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<BLOCKQUOTE class="ip-ubbcode-quote"><div class="ip-ubbcode-quote-title">quote:</div><div class="ip-ubbcode-quote-content">Originally posted by Ray,IN:
Show me anyone who complains of handling issues and I'll bet they run less than maximum air pressure when towing. </div></BLOCKQUOTE>
The fifth wheel noted in my signature, when traveling with a full tank of fresh water (which we don't do except for the very shortest possible distance...which usually means we wait until we're at a campground to fill up), weighs 15,000# with a 3,475# pin weight. We air up our truck tires to 60# psi in the front and 65# psi in the rear (duallies). We have had no handling issues and in 25,000 miles, have no unusual wear on any of the tires.

We DO keep our fifth wheel tires at their maximum 80# psi pressure only because we running right at, or slightly below, its GVWR.
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Old 06-15-2008, 04:17 PM   #10
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My tires on my 06 Chevy 2500 4X4 did the same as Badger55. I got 25,000 miles out of mine. I had a 03 Chevy 2500 but with 2wd and the tires went 40,000. I wonder if Badger had Bridgestone as I did on the 06. I replaced them with Michleins and also went up to the 265 size. I run 80 psi when towing and 50 psi when not towing.
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Old 06-17-2008, 12:49 PM   #11
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Ok First off I will point out I own a 31 cks (travel trailer )holiday ramber , I really dont your exact weight your putting on the truck. I will say I think your putting about 2200# on the bed witch is very close to max Gross rear axle weight but thats not really what wears out your tires. The amount of power that you have to put to the ground to pull your 11,000lb trailer is much more then any one really thinks. I would say normaly that you need 45~60 HP to cruise down the highway at a normal speed and keep up with traffic but to pull your 5th wheel at highway speeds on a flat road you need almost 200 Hp to maintain the same speeds . Adding all that forward force to the tires chews them up big time ! My duramax crew cab runs about 8200~8300 lbs every day , and weekends when it pulling the travel trailer its 17500 lbs combine with only 500~600 lbs under the max rear axel weight. BUT I have 500lbs of tools and a heavy fiberglass cap on the truck so you may still be under your max axel weight ratings. Tire wear is basicly a product of high tire temps and putting a lot of forward load on the tires. Larger cooler running tires like a Michelin will make them last longer , My stock bridgestone 773 AT tires lasted about 30K and they where junk at that point. My new Bridgestone Revo's have 25K on them now and the rears will only make it to 40K but thats about it..... Michelin LTX AT-2 is my favorite tire bar NONE , traction in any condition and my best set went 103,000 miles on a 1993 C-2500 with a 6.5turbo diesel. Weight your truck and trailer hooked up on a truck scale , find out your exact weights for each of the 4 axel I think you will find your very close to max rear axel weights but not over.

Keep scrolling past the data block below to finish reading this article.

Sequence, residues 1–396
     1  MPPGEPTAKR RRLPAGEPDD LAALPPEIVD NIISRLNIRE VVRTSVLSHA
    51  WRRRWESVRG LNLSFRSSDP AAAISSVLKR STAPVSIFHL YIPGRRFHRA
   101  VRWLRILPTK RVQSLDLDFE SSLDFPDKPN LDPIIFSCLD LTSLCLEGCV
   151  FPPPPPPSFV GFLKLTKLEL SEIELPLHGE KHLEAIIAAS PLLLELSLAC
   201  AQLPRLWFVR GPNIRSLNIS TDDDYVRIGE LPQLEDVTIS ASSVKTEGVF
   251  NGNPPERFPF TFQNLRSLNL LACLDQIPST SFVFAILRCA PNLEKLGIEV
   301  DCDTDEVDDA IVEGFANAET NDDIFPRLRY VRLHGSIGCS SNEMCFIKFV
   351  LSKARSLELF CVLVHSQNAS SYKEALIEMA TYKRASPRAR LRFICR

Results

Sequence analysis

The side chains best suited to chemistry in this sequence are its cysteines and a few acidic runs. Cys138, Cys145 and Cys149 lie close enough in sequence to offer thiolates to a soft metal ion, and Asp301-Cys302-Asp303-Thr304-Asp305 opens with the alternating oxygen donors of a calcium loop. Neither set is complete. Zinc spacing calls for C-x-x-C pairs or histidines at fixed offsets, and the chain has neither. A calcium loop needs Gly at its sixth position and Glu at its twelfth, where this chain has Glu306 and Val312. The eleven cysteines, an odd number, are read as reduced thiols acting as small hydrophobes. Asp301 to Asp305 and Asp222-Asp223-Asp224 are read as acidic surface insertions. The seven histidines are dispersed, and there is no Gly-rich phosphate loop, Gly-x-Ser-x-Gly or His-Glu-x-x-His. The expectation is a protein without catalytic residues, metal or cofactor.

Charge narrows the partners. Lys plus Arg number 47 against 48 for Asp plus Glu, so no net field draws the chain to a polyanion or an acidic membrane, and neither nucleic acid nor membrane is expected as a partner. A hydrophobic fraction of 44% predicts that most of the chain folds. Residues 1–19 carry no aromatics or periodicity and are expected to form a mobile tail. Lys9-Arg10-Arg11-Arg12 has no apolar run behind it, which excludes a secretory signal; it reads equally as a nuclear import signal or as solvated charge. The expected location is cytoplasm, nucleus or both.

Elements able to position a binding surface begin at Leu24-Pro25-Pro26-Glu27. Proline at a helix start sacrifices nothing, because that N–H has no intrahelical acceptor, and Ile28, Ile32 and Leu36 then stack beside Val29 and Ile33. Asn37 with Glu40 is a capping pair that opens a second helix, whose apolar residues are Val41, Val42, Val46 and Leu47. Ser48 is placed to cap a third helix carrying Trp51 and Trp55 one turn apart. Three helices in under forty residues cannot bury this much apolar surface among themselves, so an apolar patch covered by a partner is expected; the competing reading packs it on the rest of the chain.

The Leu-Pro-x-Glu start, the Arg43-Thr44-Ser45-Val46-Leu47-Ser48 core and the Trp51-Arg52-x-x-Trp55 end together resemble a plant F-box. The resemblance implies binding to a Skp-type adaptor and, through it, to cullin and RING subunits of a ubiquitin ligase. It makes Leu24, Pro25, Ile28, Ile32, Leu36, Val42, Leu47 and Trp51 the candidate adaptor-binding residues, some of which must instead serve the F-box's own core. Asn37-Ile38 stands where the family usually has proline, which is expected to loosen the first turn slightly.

<BLOCKQUOTE class="ip-ubbcode-quote"><div class="ip-ubbcode-quote-title">quote:</div><div class="ip-ubbcode-quote-content">Originally posted by Badger55:
Pulling an Alumascape 30RKD with a Chevy 2500HD, 4WD and the rear tires have worn down substantially more than the front tires. Have the rears at 80 psi and the fronts at 50 psi per information in door jamb and on the tires (LT245/75R16). Truck also has air bags on the rear axle. Any thoughts on why this is happening. </div></BLOCKQUOTE>
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Old 06-18-2008, 02:39 AM   #12
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LindaH, I agree; my current dually is getting excellent tire wear compared to my old Dodge SRW.
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Old 06-18-2008, 04:33 AM   #13
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My current truck seems to be doing real well with the factory Goodyear's, I rotate all 7 (including spare) every 6K miles and maintain the pressure at the amount shown on the door placard for maximum GVWR. I have 20,426 miles and the tires still look new, any wear is even.